Biophysics of multicellular self-organization 

Organoids and gastruloids

The first steps of organogenesis in mammals take place after the embryo's implantation in the uterus, making it challenging to study with live microscopy. Over the last years, multiple cell culture systems have been developed to understand better how pluripotent cells differentiate, self-organize in 3D and make organ-type structures, hence called organoids. 

Among these self-organizing in vitro multicellular systems, Gastruloids are 3D cellular aggregates of embryonic stem cells capable of differentiating and organizing in a manner reminiscent of the gastrulation process in the embryo. Cultured over several days in specific culture mediums, Gastruloids can develop advanced structures strikingly similar to organs such as (1) somites and neural-tube or (2) gut and heart.  The first days of self-organization of these organoids have identifiable commonalities among these different classes of chemical protocols leading to the formation of different organ-like structures. 

3D imaging of embyronic organoids

When studying the dynamics of cell aggregates in 3D, there are five significant challenges that need to be addressed. Firstly, to conduct long-term imaging, we need to minimize the amount of photo-damage done to the cells. Secondly, cell aggregates may move or rotate during the imaging process, so it is necessary to register the images to account for these movements. Thirdly, tracking individual cells can be complicated due to the presence of cell divisions, rearrangements, and large flows. Fourthly, as the optical properties of the sample change over time, aberrations can occur, and optical penetration can decrease, resulting in a decline in image quality. Finally, segmenting the images and differentiating the cells from the background can be challenging, particularly when the image changes over time.

We are developing and using multi-photon and light sheet microscopy to tackle these challenges. 

Gastruloids biophysical mechanisms of symmetry breaking

Understanding how a spherical aggregate of apparently homogeneous cells self-organize itself into a polarized structure with a recognizable axis is a fundamental question that has implications for the formation of the primary body axis during embryonic development, as well as the development of most, if not all, organoids. To address this fundamental question, we investigate the behavior of individual cells within the aggregate, such as cell movement, division, and death. We identify mechanisms of symmetry breaking including tissue flows and cell differentiation.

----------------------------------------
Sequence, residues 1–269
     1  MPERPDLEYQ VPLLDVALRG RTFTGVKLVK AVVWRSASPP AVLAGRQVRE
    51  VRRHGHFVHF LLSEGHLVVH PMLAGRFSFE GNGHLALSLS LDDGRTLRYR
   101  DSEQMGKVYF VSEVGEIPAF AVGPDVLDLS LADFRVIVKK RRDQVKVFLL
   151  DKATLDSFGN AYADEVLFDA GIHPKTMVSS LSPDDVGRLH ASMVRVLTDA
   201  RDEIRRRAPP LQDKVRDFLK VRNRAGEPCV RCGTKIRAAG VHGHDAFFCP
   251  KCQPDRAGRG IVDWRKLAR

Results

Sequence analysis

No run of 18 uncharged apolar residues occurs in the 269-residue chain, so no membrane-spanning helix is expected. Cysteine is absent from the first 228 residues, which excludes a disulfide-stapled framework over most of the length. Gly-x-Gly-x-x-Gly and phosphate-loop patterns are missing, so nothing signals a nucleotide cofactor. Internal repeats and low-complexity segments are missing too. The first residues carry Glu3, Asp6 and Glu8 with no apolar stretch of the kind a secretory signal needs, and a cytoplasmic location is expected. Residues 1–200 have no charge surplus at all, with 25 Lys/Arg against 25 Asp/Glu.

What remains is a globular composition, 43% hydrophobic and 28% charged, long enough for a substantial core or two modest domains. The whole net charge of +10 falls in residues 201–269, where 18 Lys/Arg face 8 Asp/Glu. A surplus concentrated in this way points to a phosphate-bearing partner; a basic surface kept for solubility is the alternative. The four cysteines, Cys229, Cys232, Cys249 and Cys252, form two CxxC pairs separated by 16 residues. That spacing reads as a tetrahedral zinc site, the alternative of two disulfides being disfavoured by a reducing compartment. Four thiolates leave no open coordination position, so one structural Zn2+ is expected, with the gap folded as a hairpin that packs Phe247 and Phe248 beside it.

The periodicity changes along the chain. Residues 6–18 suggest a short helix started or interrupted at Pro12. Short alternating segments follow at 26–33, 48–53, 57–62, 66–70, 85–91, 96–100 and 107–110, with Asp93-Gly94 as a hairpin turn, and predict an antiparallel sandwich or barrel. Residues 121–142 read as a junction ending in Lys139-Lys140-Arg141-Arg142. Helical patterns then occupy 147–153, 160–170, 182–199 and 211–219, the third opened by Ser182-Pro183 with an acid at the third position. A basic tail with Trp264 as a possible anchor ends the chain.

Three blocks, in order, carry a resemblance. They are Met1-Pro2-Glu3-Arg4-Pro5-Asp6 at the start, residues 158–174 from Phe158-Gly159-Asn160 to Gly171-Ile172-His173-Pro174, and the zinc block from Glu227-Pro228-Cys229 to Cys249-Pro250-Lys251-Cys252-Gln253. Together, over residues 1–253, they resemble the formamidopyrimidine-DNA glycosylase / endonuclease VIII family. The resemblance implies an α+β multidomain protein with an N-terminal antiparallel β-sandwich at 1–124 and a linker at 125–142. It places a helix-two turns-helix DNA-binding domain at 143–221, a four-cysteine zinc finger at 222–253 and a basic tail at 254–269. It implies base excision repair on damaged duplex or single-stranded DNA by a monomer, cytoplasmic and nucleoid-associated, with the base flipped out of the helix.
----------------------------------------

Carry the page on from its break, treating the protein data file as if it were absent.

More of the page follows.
mechanical stresses and rheological properties of SELF-ORGANAZING MULTICELLULAR SYSTEMS

Cell-generated forces are responsible for driving the movement of both individual cells and larger tissue structures, and these movements are influenced by the material properties, such as viscosity, elasticity, and friction, and boundary conditions of the system. We investigate, on both the cell and tissue scales, the mechanical stresses and material properties shaping the gastruloids and how these affect cell fate and signaling. We develop and apply various biophysical tools to probe cell and tissue mechanics in situ to accomplish this.

Our approach involves combining three types of measurements: (i) kinematic measurements, where we determine the velocity field and strain rate in 2D and 3D using image-based methods such as Optic Flow; (ii) force measurements, where we will measure the forces generated by cells and the resulting mechanical stresses in the tissue; and (iii) rheological measurements, where we investigate the material properties of the aggregate, such as its elasticity and viscosity. Through this approach, we can identify zones of growth, contraction, and convergence-extension within the aggregate and gain a deeper understanding of the mechanical principles that govern cell and tissue movement.

Collaborations: Léo Guignard (LIS, CENTURI, Marseille), Simon Gsell (IRPHE, Marseille), Alfonso Martinez Arias (Universidad Pompeu Fabra, Barcelona), Matthias Merkel (CPT, CENTURI, Marseille), Philippe Roudot (I2M, CENTURI, Marseille), Vikas Trivedi (EMBL, Barcelona), Virgile Viasnoff (CINAM, Marseille)

Funding: Fondation de la Recherche Médicale (FRM), ANR, CENTURI, ERC